How Will You Run Your Race This Coming Year?

By Jordan Standridge - Posted at The Cripplegate:



It was May 6th, 1954, and a miler named Roger Bannister became the first human to ever have run a mile recorded in under four minutes. That world record lasted only six weeks, when an Australian, named John Landy, beat his record by more than a second. The rivalry was not over though, as the Empire Games were scheduled for August of the same year, and Landy and Bannister were set to square off in one of the most anticipated races in history.

The two runners could not have been more different. Landy loved to set the pace and start off strong, he usually led most of his races from start to finish. Bannister was different, he liked running from behind most of the race, only to take over first place in the final lap. The final proved those stereotypes right as Landy led for most of the race, with Bannister behind by quite a big margin going into the final lap. But then, something happened; the crowd started cheering as Bannister made his move and Landy began to get nervous, and in a moment of panic, Landy broke racing’s number one rule, don’t look back. As he looked over his left shoulder, Bannister went zooming by on the right to take first place in the race that would be forever remembered as the “miracle mile.”

This moment has served coaches well for all the years since as a lesson to runners to keep their eyes on the finish line. This moment was so big that to this day in Vancouver, a bronze statue stands depicting the moment when Landy looked over his left shoulder. Landy took the loss in good spirits as he famously said, “While Lot’s wife was turned into a pillar of salt for looking back, I am probably the only one ever turned into bronze for looking back.”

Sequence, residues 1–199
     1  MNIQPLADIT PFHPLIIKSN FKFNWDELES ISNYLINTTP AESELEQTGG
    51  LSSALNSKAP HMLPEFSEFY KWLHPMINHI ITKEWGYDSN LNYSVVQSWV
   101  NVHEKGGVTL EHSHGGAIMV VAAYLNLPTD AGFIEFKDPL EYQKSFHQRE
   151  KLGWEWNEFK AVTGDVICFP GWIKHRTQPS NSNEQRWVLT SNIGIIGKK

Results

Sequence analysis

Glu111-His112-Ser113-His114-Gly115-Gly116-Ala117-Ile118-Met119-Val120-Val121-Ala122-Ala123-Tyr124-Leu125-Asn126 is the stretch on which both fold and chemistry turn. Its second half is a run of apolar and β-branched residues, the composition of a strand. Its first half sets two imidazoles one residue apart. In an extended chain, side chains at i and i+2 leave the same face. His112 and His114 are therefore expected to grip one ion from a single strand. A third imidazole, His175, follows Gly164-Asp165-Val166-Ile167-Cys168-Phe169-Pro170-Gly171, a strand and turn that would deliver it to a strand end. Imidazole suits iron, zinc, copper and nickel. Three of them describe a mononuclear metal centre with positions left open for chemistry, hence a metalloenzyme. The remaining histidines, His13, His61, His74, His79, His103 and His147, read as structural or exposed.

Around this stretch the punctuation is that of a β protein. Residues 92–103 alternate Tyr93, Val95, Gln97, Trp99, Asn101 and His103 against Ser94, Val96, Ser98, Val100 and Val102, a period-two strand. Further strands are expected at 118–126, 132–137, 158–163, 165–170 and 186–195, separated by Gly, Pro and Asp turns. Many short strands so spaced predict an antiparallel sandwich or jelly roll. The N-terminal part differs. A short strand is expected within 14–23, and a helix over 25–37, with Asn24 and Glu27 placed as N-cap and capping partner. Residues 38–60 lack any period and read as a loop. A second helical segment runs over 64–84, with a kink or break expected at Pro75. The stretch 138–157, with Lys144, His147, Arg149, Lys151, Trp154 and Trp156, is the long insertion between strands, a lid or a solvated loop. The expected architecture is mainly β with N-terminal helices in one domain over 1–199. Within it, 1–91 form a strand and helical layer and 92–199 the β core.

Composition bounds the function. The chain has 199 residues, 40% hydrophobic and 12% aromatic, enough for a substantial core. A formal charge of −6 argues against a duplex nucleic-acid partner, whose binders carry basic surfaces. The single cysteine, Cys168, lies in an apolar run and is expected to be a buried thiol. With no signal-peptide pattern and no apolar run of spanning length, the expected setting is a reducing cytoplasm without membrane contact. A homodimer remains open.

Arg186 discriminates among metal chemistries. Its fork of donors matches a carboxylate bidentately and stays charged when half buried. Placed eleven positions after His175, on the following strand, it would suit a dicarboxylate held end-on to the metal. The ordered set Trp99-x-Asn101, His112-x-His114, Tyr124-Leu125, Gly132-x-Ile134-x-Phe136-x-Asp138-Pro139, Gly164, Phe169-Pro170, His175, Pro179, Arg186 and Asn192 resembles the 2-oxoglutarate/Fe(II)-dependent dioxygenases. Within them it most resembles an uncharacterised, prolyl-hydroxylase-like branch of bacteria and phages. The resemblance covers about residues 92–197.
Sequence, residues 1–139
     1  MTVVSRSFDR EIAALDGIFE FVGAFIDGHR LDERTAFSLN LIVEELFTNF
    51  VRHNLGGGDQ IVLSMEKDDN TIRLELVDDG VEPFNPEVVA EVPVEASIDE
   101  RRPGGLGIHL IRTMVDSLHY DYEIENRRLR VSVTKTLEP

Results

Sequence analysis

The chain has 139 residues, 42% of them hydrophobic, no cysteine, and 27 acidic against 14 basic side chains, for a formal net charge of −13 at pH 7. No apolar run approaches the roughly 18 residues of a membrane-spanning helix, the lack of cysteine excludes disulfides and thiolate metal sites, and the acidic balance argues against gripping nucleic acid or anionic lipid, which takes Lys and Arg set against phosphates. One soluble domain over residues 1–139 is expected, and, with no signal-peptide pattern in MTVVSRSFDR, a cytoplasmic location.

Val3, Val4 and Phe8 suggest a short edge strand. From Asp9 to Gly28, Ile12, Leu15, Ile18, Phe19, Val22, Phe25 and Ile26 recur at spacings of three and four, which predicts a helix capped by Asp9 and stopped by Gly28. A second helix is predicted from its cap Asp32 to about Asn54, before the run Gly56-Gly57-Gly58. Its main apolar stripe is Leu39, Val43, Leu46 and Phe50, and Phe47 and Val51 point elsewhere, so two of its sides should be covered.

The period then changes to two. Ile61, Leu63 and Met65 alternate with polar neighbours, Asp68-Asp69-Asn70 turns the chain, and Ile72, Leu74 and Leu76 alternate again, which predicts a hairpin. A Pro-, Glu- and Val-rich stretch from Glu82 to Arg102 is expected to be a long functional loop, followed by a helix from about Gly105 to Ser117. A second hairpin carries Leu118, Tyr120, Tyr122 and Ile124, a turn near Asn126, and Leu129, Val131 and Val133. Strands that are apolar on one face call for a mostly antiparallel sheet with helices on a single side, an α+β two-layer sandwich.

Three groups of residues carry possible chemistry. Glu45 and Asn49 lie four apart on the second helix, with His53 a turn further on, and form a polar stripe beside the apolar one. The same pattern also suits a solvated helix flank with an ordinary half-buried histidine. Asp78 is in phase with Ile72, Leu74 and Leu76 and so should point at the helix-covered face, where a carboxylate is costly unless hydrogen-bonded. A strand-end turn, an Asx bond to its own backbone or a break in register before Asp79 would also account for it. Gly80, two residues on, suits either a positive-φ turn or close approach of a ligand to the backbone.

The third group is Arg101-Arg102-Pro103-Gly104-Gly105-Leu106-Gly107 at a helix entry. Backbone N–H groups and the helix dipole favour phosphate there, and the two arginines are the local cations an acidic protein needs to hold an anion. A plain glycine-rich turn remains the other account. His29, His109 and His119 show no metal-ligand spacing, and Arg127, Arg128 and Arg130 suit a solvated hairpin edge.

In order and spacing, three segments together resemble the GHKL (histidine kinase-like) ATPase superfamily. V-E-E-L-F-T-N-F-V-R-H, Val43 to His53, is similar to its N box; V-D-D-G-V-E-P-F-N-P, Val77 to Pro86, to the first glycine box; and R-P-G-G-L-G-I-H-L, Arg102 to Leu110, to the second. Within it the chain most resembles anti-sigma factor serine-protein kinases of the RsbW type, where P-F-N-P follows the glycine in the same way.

While we may never experience the level of embarrassment that John Landy did that day, despite the fact that our race is eternally more important than the “miracle mile” was, we, too, must realize that all too often we get distracted as we are running our race. Whether it is the simple distractions of life, or whether it is the sin or sins of our choice, we are all too easily prone to wander and prone to slow down in our race.

The writer of Hebrews reminds us that our race is very difficult. Hebrews 11 is an incredible reminder of that. He lists person after person that, though they had faith and were commended for it, suffered greatly at the hands of the world. Some were even sawn in two, Hebrews 11:37 tells us. It’s incredible to think about how well these men and women ran their race despite the incredible trials they faced.

As we look to the new year, I’d like to encourage us to run a race that pleases our Savior. If we follow the advice of Hebrews 12:1-2, I believe that we will do well.

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